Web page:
Now that summer is almost here, there’s no place more relaxing to plan a trip than Long Beach on Washington’s southwestern coast. This small, quaint town is complete with attractions for the whole family, a sky dotted with vibrant kites in the summer, and miles of heavenly beach scenery along the Pacific. If you’re looking to head down to the Long Beach Peninsula in the next few months, here are 10 of the many things you’ve got to experience.
1. The International Kite Festival.
For a week long, this family-fun celebration draws in visitors from all over the globe. The event features kite flying and kite making classes, amateur (and professional) competitions, lighted kite flying at night and more. This year, their vibrant, colorful kites will fill the sky from August 15-21.
Long Beach also hosts "Sandsations" - an annual sandsculpting competition in the summer. It will be going on this year from July 20-24.
2. A relaxing stroll along their boardwalk.
The wooden boardwalk in Long Beach is perfect for a brisk morning walk or sunny afternoon stroll. At only about a half-mile in length, this popular, wheelchair-accessible path winds through grass-covered sand dunes with endless views of the ocean.
3. Or along the Discovery Trail.
This paved bike path stretches for a little more than 8 miles through the grassy dunes and seaside forest between Long Beach and Ilwaco. The "Discovery Trail" marks the old Lewis & Clark expeditions, which is how it had actually gotten its name. It parallels along the boardwalk with endless vistas of the ocean, interpretative displays, and all kinds of impressive public artwork.
4. Score weird curiosities at Marsh's Free Museum.
Despite the name, Marsh's Free Museum is actually a great place to pick up weird souvenirs. They do have a few strange exhibits to see, including the famous "Jake The Alligator Man" - a half man, half alligator - as well as vintage penny machines and music boxes you can still play.
5. And unique gifts from their many other local shops.
Their downtown is easy to wander for hours, with an array of shops featuring beach and kite souvenirs, as well as a fabulous art gallery with both regional and local artists. Check out the works at Campiche Studios, or pick up small gifts from Banana Books, Above It All Kites, or NIVA green to take back home with you.
6. Try some of the freshest local food.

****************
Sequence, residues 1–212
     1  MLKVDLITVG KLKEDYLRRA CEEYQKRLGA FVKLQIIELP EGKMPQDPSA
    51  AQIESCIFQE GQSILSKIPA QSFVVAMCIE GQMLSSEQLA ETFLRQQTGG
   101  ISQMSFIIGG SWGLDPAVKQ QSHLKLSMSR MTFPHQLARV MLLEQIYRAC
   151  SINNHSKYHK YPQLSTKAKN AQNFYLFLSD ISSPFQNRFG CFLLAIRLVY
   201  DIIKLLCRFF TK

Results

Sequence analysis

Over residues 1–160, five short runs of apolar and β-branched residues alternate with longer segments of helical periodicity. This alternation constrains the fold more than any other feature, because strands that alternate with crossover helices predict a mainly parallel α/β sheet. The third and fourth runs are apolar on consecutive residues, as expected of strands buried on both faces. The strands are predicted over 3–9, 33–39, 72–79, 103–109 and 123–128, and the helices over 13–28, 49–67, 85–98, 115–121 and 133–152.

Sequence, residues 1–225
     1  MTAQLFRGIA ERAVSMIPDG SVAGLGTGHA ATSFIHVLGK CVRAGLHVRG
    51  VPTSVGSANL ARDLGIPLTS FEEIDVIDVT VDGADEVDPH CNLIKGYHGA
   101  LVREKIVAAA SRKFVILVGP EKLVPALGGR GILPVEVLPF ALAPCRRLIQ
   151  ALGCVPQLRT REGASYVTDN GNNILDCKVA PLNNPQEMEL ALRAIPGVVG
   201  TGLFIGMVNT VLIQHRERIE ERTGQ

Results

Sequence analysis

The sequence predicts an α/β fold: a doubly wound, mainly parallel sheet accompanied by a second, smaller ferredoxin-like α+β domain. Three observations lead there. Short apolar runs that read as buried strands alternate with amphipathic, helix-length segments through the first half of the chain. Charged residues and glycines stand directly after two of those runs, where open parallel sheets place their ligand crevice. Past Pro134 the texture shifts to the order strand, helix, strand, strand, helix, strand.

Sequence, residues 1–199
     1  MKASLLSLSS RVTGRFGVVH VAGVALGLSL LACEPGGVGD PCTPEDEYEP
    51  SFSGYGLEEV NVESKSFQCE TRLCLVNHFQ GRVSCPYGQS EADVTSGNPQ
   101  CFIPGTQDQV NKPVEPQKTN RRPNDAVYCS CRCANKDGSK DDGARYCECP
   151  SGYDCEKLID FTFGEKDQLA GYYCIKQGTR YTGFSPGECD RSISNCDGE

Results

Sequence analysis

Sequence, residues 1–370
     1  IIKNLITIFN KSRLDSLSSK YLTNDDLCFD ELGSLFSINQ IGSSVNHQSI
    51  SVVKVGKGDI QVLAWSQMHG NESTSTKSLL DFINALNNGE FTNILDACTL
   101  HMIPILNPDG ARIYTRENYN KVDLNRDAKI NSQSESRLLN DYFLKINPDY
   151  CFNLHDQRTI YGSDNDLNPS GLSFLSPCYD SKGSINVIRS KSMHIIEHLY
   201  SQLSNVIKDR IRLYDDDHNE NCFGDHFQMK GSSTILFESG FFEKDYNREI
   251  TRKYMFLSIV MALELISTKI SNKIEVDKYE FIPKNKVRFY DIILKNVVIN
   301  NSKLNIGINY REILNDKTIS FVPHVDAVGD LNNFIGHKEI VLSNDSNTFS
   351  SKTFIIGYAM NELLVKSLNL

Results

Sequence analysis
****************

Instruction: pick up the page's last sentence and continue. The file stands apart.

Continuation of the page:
Long Beach is filled with fantastic dining options for every kind of taste. And with their great location along the coast, the local ingredients are about as fresh as you can get. Try a bowl of Clam Chowder from Cottage Bakery and Delicatessen, a burger from Lost Roo, or one of these wood-fired pizzas from Pickled Fish (on the top floor of the Adrift Hotel).
7. Check out all of the family fun.
Whether you're a kid at heart, or have little ones of your own, you'll be happy to find all kinds of family entertainment here, like go-carts and carnival rides. During the summer, you can also find free face painting, wagon rides, live music and more downtown at SummerFest (through Labor Day).
8. Get a photo with the "World's Largest Frying Pan" and "Largest Spitting Clam".
These huge roadside attractions are a year-long reminder of the community's popular Razor Clam Festival. Even with the frying pan's title and massive size at 14-feet-tall, it isn't actually the largest in the whole world. But it does make for awesome photo opportunities, along with the "Largest Spitting Clam" beside it - which spits out water on demand if you put in a quarter.
9. Head down to Cape Disappointment State Park near Ilwaco.
Cape Disappointment State Park is just south of the town on the Long Beach Peninsula, where the Columbia River meets the ocean. The huge park provides a scenic place to go hiking and camping by the water, with two historic lighthouses (North Head & Cape Disappointment), along with miles of beach, hiking trails and picnic tables.
10. And a peaceful walk (or drive) along their long, dreamy beach.
Long Beach is renowned for their 28-mile-long beach with sand packed so densely that it's capable of supporting most vehicles. Some parts of the beach are closed to automobiles through Labor Day, but it always remains open to pedestrians (and cyclists) looking for a quiet stroll by the water. The wide open landscape and serene oceanfront views make the long, continuous beach a complete summer paradise.
Have you been to Long Beach before? Where else would you recommend visiting in town?